The key to everything is in a
Robert Matthews reports on
the hunt for the universe's missing material now taking place in a North-East mine
IN the search for the key to the cosmos, a potash mine 3,600 feet beneath the
North-East countryside would seem one of the least obvious places to look - and certainly
one of the least congenial.
For the last five years, a team of researchers has been working in the stultifying, 90F
(32C) at the bottom of the Boulby mine, hoping to answer an embarrassingly basic question:
what is the universe actually made of?
The fact that no one really knows has been worrying scientists for more than 60 years.
But now an experiment at the bottom of the Boulby mine may have come up with the answer,
and cast important new light on the fate of the universe as well.
The discovery is the latest twist in a story that began in the Thirties when Fritz
Zwicky, a Swiss-American astronomer, embarked on what should have been a routine project
to measure the speed of galaxies moving through space. These huge collections of 100
billion stars typically move around the universe in clusters. Our own Milky Way galaxy
belongs to a relatively small group of about three dozen galaxies, somewhat
unimaginatively named the Local Group.
Zwicky was measuring the speeds of galaxies in the far larger and more distant Coma
Cluster when he made a puzzling discovery. The hundreds of galaxies making up the cluster
were zooming around each other at very high speed - so high, in fact, that the force of
gravity between them should have been unable to prevent the galaxies from breaking away
from each other. All the signs were, however, that the cluster was stable - and had been
so for millions of years.
Various resolutions of the paradox suggested themselves. One obvious suggestion was
that Zwicky's measurements were unreliable. A more radical alternative was that our
understanding of the force of gravity is defective.
Zwicky steered a middle course, arguing that neither the measurements nor the law of
gravity was at fault. Instead he suggested that the Coma cluster must also be harbouring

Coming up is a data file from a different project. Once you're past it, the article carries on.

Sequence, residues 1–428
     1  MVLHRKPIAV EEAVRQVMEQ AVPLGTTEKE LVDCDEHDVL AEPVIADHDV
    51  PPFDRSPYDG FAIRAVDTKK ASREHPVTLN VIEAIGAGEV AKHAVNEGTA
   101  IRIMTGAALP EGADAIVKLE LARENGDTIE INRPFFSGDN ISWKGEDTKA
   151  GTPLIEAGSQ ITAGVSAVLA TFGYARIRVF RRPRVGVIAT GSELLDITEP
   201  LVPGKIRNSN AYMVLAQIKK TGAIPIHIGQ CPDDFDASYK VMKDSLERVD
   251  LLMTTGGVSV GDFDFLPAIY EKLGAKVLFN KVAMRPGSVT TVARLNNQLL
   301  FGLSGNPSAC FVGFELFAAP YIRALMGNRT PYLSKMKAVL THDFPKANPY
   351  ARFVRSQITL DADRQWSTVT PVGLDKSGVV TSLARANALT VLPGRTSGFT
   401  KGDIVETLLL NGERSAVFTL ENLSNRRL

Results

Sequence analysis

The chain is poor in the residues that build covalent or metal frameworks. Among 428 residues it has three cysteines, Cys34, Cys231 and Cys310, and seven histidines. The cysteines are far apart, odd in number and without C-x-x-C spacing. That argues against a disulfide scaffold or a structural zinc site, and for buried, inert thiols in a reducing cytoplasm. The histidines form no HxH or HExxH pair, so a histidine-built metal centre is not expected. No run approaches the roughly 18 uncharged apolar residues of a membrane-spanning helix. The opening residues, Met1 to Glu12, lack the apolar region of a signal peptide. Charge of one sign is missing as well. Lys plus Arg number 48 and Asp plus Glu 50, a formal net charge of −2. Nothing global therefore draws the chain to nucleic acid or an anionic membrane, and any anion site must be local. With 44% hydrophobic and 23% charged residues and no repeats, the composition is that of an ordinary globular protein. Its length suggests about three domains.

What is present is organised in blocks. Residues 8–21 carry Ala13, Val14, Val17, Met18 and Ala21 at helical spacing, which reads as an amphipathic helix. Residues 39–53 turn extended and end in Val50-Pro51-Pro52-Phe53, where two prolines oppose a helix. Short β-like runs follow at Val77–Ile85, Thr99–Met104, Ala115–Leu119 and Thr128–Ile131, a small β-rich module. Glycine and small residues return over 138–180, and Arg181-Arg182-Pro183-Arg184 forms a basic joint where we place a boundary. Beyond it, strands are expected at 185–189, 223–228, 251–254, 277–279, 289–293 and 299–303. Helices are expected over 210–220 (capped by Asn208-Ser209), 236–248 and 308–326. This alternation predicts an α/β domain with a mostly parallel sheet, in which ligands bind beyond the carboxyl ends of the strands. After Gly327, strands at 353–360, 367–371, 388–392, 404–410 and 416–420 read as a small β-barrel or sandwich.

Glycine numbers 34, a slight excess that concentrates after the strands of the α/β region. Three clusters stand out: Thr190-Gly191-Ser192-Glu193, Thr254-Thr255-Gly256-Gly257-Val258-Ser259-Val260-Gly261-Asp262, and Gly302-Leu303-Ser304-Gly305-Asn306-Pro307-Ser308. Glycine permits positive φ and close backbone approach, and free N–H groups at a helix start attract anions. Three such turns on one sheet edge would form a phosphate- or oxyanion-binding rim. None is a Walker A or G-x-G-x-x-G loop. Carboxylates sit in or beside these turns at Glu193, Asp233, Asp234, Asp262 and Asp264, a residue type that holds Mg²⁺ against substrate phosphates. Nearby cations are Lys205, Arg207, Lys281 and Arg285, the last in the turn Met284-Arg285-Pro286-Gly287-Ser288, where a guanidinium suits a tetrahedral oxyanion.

vast amounts of invisible matter in addition to the billions of shining stars. This
"dark matter" could then provide the extra mass and thus gravity needed to hold
the cluster together.
Hardly a revolutionary notion, one might think: huge clouds of black dust and gas have
long been known to lurk in our own galaxy. But over the years, the mystery of "dark
matter" has only deepened.
More detailed studies of the behaviour of galaxies have shown that dark matter must
actually make up the vast bulk of material in the universe. Current estimates suggest that
when we look up at the night sky, the stars and galaxies we can see represent perhaps as
little as one per cent of the total amount of matter actually out there in space.
Dark matter is now thought to be so plentiful that it plays a vital role in the
ultimate fate of the universe. For if there is enough of it out there, its gravitational
pull could halt and even reverse the expansion of the universe, which began 15 billion
years ago in the Big Bang. If that were to happen, the result could be a catastrophic Big
Crunch billions of years hence.
Most perplexing of all, however, is the recognition that most "dark matter"
cannot be anything like ordinary gas and dust. If it were, it would have been cooked
inside many stars by now and turned into chemical elements in concentrations quite